America Needs to Look for Better Ways to Fix the Economy
Capitalism is motivated by profit, which can be affected by government tax or other policies and foreign competition. If the policy of the government and foreign competition does not allow for profitable returns on investment in critical domestic industries then it seems there are two options:
By closing the trading borders, domestic demand may be met with increased industrial domestic investment. However, in limiting foreign goods, U.S. consumers will not be able to afford much-needed goods until domestic industry catches up. There is also the risk of encouraging domestic monopolies and suffering a loss of efficiency.
2) Government direct investment
For industries that do not provide sufficient return for risking private capital, there should be a way to employ public money to benefit the entire country. This is what happens with government health care programs, military, public transportation, and countless other examples. There should be some mechanism to ensure that core commodity (like steel and transportation) industries that form the basic platform for a self-sufficient industrial country be maintained even if these commodity industries themselves are not profitable to private investors.
Examples from other countries
Japan, through its Ministry of International Trade and Industry (MITI), has helped provide leadership and assistance for development of industrial productivity and employment.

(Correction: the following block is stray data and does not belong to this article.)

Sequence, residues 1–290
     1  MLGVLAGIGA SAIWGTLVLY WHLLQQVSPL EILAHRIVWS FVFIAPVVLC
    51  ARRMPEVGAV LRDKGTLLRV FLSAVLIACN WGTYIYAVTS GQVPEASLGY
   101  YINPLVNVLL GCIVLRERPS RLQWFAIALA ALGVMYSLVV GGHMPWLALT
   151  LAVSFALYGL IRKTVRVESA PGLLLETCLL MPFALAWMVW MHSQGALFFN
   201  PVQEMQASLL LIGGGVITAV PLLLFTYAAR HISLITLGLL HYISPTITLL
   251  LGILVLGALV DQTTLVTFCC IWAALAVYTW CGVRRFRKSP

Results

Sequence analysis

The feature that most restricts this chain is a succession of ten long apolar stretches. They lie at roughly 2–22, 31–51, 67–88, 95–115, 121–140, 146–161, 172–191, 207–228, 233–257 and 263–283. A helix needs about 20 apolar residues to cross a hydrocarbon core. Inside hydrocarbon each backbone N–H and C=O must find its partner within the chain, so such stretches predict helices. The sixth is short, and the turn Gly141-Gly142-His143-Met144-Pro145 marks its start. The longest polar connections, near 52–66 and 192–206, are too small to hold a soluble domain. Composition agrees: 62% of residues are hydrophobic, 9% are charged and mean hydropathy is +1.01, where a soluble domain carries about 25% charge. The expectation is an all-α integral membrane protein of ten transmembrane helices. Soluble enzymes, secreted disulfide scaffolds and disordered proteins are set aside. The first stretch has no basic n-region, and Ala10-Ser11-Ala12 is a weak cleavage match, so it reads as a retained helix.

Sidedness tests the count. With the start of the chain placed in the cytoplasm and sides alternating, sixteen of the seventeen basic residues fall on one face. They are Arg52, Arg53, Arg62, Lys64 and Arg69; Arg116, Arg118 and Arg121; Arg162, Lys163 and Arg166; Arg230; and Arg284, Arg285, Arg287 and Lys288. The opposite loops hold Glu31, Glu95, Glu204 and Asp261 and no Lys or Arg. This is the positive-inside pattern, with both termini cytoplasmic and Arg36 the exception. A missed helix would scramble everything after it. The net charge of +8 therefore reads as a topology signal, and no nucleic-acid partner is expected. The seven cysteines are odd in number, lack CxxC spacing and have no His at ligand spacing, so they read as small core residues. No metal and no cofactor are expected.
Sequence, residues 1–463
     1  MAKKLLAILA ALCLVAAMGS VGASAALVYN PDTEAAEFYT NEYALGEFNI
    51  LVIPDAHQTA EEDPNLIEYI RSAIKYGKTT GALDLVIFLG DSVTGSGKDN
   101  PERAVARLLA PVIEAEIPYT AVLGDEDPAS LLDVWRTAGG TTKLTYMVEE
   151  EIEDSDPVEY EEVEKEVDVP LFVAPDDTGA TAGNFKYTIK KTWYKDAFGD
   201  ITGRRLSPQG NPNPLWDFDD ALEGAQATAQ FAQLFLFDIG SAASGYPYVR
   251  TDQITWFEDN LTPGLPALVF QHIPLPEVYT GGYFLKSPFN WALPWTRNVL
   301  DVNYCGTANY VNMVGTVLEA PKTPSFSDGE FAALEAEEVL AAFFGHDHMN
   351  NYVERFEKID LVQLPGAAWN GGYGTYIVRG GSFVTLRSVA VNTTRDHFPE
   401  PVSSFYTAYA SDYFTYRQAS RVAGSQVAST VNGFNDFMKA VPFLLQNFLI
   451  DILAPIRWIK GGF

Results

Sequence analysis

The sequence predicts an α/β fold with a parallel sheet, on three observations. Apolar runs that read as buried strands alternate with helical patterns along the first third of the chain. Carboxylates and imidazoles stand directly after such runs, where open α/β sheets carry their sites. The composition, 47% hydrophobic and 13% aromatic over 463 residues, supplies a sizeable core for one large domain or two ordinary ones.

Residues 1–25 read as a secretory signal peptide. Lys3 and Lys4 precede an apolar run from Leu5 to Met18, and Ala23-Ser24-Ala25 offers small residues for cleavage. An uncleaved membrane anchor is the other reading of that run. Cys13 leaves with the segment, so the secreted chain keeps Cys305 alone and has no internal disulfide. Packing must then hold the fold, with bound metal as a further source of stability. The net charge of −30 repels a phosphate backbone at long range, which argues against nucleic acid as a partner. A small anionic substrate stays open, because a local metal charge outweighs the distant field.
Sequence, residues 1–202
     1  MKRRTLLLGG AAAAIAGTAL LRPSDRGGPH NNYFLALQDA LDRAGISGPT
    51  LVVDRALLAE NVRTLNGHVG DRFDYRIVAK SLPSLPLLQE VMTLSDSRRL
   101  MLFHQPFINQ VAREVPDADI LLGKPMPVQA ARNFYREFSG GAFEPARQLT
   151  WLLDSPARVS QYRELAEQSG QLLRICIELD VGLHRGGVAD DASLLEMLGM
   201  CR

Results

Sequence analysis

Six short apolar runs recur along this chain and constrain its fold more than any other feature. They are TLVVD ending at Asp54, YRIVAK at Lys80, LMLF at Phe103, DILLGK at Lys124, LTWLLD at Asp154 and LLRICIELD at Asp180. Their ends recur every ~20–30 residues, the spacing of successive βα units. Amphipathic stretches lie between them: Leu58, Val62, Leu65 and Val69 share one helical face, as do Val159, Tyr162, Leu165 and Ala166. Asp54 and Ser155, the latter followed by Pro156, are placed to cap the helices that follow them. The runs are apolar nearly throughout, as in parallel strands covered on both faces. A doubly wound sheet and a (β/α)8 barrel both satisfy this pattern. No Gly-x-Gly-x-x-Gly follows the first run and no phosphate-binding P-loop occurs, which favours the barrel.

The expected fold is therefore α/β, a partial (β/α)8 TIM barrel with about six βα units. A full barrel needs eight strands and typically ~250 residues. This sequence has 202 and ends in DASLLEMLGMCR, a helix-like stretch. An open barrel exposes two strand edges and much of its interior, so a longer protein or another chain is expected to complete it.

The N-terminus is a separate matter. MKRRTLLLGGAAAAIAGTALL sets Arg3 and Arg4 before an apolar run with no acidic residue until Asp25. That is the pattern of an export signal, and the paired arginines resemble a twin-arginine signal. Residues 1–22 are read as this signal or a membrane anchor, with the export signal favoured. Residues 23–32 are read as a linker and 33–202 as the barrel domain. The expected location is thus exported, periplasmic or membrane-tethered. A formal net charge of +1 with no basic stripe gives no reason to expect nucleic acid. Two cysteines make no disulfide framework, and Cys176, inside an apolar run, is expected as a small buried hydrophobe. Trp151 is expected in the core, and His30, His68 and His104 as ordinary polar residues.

According to the Federation of American Scientists (FAS), “MITI facilitated the early development of nearly all major industries by providing protection from import competition, technological intelligence, help in licensing foreign technology, access to foreign exchange, and assistance in mergers.”
MITI is a successful case study in how the government can work with industry to stimulate core sectors that serve the entire country without attempting to establish a centrally planned economy.
The FAS continues:
“MITI served as an architect of industrial policy, an arbiter on industrial problems and disputes, and a regulator. A major objective of the ministry was to strengthen the country’s industrial base [by encouraging investment through incentives and selection of most needed products and development procedures to be developed that would benefit their most important industries like steel and robotics]. It did not manage Japanese trade and industry along the lines of a centrally planned economy, but it did provide industries with administrative guidance and other direction, both formal and informal, on modernization, technology, investments in new plants and equipment, and domestic and foreign competition.”
Japan has used intelligent planning as opposed to our unplanned industrial regression (witness the auto industry). Japan is accomplishing this from the base of ashes it had at the end of the war in 1945, with only 4 percent of our land area, 40 percent of our population and absolutely no natural resources. It is very obvious from their example that there are better ways than our own and that major changes should take place immediately or we will be relegated to become a second class power and eventually a second class country.
We should take the best that other countries have to offer and refine it with our own experience and objectives. By doing nothing we allow those countries that have developed to continue dismantling our own system and destroying our ability to compete.